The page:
(CBS4) - The first major Colorado public lands bill in more than a decade passed out of a House committee in Congress on Wednesday. The Colorado Outdoor and Recreation Act -- also known as CORE Act -- is sponsored by Democrat Rep. Joe Neguse and U.S. Sen. Michael Bennet.
The bill calls for the largest new preservation of public land in a generation.
The CORE Act would protect 400,000 acres of public land in Colorado, designating 73,000 of it as wilderness area and closing 200,000 acres on the Thompson Divide to oil and gas development.
"Our public lands in Colorado really define who we are as a state. Folks in Colorado understand that getting outside not only improves our health, it contributes to a higher quality of life and a booming economy that supports $9.7 billion in wages across the state," Neguse said.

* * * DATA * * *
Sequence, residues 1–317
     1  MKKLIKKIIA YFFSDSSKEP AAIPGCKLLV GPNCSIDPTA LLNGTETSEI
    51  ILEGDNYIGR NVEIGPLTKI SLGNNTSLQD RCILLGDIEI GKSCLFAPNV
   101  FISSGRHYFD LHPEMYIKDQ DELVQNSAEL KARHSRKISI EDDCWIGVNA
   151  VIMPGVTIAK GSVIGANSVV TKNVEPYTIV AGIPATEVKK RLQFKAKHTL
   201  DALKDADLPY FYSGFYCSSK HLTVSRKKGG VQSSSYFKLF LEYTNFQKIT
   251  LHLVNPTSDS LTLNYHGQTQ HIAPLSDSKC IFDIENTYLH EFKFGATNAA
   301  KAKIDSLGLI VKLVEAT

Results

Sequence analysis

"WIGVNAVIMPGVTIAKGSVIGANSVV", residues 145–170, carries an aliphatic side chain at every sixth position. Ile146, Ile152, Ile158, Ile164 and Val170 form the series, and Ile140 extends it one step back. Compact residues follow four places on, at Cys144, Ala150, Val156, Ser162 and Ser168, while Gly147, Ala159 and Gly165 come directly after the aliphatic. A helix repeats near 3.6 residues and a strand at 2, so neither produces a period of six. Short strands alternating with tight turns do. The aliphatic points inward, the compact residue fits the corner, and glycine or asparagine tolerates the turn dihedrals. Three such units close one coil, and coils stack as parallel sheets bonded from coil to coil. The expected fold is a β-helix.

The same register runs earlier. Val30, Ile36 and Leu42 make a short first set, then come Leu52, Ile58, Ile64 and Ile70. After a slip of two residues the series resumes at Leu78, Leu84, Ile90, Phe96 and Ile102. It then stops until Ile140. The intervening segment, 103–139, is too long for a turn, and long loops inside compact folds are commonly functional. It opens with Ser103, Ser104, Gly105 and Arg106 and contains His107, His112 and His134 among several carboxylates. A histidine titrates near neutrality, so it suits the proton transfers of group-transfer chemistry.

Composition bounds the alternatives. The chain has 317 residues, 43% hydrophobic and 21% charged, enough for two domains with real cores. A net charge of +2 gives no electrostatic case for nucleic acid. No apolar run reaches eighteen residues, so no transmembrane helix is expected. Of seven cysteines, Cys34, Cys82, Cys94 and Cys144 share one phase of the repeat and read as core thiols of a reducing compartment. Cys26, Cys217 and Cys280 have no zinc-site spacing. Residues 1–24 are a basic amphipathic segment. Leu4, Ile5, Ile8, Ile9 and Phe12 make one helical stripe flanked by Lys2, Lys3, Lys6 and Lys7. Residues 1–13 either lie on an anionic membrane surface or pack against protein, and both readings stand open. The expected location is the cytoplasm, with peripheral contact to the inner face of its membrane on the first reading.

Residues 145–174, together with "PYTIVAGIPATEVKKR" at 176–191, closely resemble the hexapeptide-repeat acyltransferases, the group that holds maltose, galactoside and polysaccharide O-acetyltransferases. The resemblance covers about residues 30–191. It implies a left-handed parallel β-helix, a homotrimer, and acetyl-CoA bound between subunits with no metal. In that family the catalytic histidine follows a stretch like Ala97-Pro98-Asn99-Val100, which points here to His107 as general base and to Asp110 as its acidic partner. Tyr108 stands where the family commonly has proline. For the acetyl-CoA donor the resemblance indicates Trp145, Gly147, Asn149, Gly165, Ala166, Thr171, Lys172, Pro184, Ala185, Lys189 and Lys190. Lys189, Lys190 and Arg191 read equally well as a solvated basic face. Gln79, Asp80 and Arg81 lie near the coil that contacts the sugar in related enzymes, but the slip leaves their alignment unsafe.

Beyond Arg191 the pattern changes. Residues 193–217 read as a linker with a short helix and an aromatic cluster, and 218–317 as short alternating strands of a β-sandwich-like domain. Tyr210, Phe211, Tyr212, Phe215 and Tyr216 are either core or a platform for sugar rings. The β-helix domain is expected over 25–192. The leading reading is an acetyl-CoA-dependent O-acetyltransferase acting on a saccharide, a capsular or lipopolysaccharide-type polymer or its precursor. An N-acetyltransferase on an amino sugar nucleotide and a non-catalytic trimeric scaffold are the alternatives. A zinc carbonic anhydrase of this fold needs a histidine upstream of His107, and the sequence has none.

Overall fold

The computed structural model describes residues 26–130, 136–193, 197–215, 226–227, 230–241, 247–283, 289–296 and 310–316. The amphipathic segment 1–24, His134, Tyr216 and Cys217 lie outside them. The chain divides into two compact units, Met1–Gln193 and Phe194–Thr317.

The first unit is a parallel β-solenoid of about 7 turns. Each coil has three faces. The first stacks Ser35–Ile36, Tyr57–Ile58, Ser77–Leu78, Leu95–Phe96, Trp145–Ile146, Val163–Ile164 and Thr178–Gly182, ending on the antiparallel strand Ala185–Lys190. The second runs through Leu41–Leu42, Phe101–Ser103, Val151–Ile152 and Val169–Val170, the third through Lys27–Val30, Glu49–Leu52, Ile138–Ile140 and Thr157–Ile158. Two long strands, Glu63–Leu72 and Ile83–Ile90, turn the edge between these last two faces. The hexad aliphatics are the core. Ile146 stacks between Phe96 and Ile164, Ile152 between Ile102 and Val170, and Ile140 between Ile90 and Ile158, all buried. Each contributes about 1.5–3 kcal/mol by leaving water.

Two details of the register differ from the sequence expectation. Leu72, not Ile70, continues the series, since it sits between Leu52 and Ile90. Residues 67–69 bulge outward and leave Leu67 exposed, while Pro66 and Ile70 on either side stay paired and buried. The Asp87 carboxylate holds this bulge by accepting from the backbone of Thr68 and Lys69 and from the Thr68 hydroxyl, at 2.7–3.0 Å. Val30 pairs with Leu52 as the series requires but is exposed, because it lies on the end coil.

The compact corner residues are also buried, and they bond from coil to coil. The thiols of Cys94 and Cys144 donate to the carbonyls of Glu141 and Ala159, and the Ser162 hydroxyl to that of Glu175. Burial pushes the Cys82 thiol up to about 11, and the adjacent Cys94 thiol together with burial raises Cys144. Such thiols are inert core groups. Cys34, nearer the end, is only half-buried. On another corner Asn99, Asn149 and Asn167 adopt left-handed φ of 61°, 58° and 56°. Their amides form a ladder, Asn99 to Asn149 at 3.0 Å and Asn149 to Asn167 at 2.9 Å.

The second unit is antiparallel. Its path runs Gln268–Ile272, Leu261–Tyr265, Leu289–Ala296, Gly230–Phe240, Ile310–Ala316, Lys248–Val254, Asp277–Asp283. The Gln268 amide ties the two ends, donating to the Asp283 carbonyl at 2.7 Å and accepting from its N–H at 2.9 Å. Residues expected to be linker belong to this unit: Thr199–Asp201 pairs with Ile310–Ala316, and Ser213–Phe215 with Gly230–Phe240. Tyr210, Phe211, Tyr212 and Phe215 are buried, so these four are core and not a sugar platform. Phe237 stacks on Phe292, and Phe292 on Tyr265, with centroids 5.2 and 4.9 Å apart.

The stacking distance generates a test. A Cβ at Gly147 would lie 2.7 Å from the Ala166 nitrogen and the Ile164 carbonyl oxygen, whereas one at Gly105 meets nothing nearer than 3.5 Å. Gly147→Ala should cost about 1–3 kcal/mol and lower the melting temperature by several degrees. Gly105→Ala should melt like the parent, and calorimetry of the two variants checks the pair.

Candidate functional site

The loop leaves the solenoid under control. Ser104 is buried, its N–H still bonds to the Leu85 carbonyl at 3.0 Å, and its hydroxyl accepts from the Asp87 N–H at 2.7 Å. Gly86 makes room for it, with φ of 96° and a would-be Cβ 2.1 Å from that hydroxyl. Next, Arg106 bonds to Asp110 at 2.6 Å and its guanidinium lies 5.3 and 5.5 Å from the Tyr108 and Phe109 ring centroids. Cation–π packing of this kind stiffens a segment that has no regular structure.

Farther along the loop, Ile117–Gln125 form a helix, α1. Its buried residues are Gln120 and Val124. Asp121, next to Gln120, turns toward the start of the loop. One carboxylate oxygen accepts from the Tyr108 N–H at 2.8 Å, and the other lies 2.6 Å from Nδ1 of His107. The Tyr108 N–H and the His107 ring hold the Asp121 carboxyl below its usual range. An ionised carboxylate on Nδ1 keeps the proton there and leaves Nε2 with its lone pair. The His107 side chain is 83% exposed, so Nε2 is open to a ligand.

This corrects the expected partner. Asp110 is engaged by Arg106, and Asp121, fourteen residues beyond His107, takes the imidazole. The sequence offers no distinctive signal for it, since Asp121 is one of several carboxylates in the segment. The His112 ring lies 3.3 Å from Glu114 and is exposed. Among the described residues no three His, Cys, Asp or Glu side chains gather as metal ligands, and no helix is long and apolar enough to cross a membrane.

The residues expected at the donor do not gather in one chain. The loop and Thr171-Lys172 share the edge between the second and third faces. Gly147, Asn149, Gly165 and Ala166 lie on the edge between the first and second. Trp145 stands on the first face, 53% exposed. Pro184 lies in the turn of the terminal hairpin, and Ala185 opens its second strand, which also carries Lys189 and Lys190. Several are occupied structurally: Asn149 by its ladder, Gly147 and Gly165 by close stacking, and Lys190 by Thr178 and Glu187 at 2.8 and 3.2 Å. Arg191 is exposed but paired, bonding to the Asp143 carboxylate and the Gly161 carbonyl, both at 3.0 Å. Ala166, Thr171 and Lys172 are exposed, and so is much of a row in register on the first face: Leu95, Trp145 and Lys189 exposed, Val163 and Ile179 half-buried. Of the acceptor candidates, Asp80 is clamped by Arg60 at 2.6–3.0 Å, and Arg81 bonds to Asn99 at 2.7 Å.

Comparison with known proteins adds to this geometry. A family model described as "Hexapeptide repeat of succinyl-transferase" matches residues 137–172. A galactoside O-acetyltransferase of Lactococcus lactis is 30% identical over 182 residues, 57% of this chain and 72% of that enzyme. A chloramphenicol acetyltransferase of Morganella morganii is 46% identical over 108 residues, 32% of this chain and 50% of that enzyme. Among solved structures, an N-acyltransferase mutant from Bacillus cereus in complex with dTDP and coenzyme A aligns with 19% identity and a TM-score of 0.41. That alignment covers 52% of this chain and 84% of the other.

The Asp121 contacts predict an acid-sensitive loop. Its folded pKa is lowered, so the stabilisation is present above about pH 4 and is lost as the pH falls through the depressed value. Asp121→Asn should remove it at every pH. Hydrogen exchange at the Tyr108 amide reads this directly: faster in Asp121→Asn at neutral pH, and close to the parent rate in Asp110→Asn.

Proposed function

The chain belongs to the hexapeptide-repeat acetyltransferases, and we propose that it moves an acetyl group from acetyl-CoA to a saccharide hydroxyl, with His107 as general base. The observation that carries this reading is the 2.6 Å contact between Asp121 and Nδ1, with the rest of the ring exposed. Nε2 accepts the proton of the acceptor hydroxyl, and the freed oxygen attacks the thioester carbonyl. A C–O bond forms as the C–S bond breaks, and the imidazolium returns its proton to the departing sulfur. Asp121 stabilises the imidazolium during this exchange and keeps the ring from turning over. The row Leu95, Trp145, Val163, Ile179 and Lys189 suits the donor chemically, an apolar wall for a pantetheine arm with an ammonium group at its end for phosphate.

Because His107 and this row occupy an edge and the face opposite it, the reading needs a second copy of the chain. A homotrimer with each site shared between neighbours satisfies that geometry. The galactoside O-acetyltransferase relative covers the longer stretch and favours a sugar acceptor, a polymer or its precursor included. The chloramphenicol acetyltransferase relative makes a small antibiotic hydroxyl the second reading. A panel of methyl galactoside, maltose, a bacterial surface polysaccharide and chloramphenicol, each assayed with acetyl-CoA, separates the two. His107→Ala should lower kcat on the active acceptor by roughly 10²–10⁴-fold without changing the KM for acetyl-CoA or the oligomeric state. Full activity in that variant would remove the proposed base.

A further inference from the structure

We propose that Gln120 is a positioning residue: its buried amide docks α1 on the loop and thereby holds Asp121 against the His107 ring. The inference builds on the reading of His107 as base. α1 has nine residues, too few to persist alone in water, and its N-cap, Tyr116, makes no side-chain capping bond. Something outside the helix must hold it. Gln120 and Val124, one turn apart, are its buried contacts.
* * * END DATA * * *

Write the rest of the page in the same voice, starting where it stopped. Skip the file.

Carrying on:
Republican Rep. Scott Tipton -- whose district includes the Thompson Divide -- opposes the bill.
A press release unveiling the bill in January stated the CORE Act is supported by administrators in the Summit, Eagle, San Juan, Ouray, San Miguel, Gunnison, and Pitkin counties and several cities and towns within them.
CORRECTION: A previous version of this story stated that the Garfield County commissioners wanted the Thompson Divide be included in the CORE Act. In fact, the Garfield commissioners stated in February that they wished Thompson Divide be excluded in favor of considering leases for oil and gas exploration in other areas of their county.
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